Wednesday, July 8, 2015

Elliott Wave Stock Market Update - July 8

This is the third  attempt at breaking support this week and with a little help from Greece (and now China), we might just see that Head and Shoulders complete. But so far every low has been a slightly higher low in an oversold market and we might get a decisive move by the end of the week. Perhaps once the uncertainty over Greece and the stock market in China is done, we'll finally see the end of the correction. At least with Greece, we'll know by Sunday. China on the other hand is another story as it might continue to go lower due to panic selling.

There has been a lot of media attention on China's market lately, specially now since it looks out of control. But the low yesterday was actually right on its 200 DMA and barely above its W1 label of 3,404, so there might be an equally out of control rally if these levels holds. But I wanted to write about the bigger picture of the Chinese market since I've been fully invested in it for years. It might seem irrational to invest in a slowing communist economy and specially now since it seems obvious to almost every writer that it is a "bubble". But I think it remains undervalued and underestimated, even by their own citizens.

First, I wanted to make clear that I am invested in Chinese stocks because of their value so I am a "buy and hold"  investor and not a trader. Secondly, I view stocks as ownership of a business and not as a way to speculate like I do with oil or volatility. Lastly, I believe there is an undeniable correlation between the size of an economy and the size of its stock market.

To make my point,  I'll go back all the way back to when China created its stock market back in 1990 when the SSEC started trading at 100. At that point, China's economy was 1,877 trillion RMB (302 billion in USD). In the last 25 years, China grew fast at a rate of about 10% a year and as of last month its economy stood at about 67,000 trillion RMB or 10.8 trillion USD which translates into a multiple 35.7X the size of its 1990 economy of 1,877 trillion. If we use that same GDP multiple to what the SSEC started trading at in 1990, we get 3,570 and that compares to the now "crashed" market which closed at 3,506 yesterday. So on average, the stock market in China has grown about 1:1 to its GDP growth rate as of today. The issue however is company profits don't grow at GDP growth rates, larger companies are able to grow profits faster than GDP because of economies of scale and the fact that Chinese companies have benefited disproportionately from globalization. But this trading premium is not being reflected yet on its markets, which makes them undervalued. Obviously, what that extra premium is, is the million dollar question. To get a better sense of what the possibilities are, I broke down the numbers for the US economy and its markets. During the same period, the US grew its economy from 5,979 trillion USD in 1990 to 17,701 trillion USD today or a multiple of 2.96X. The S&P 500 closed 1990 at about 325 and today it closed at 2046 or multiple of 6.29X or basically more than double its GDP growth of 2.96X. If the S&P 500 reflected a 1:1 ratio like China, it would trade at 962 today. So that premium from economies of scale and globalization is obviously present in the US, whether the market is overvalued in the US is another question but if China were to trade at the same premium, the SSEC would be trading at 7,586. Which would parallel the Domestic Market Cap to GDP ratio of the US at 130%.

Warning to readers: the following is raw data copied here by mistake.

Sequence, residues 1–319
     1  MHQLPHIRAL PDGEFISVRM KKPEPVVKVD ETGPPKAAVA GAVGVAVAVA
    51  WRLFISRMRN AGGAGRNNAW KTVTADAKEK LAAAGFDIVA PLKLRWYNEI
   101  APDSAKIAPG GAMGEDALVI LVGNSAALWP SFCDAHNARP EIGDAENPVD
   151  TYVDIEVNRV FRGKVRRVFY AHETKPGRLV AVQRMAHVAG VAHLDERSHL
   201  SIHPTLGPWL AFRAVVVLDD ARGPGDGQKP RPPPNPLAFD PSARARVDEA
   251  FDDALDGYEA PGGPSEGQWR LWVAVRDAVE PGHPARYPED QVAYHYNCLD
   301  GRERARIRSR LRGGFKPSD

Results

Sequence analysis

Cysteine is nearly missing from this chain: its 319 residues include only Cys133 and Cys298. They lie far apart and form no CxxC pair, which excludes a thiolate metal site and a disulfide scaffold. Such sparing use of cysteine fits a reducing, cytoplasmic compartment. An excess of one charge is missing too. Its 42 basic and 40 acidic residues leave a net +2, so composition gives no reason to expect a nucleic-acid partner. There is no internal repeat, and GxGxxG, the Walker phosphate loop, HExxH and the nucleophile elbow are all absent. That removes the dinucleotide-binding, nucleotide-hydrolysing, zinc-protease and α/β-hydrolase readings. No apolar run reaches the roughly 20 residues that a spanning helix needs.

So, despite all the drama and volatility in China, things will eventually settle down and the bull market will continue again as its economy continues to grow. This is the same exact reason I've been saying the US market will continue to go up as long as there is GDP growth and why traditional Elliott Wave Theory provides wrong assumptions in very long time frames. It's common sense to me, as the numbers show.

For further analysis on the NASDAQ, DJI, RUT, Gold, Silver and Oil please visit

Short Term Trend = Bearish
Medium Term Trend = Bearish
Long Term Trend = Bullish

* Trends are not trade signals. Trends are posted for situational awareness only and does not take into account wave counts, technical or fundamental conditions of the market.

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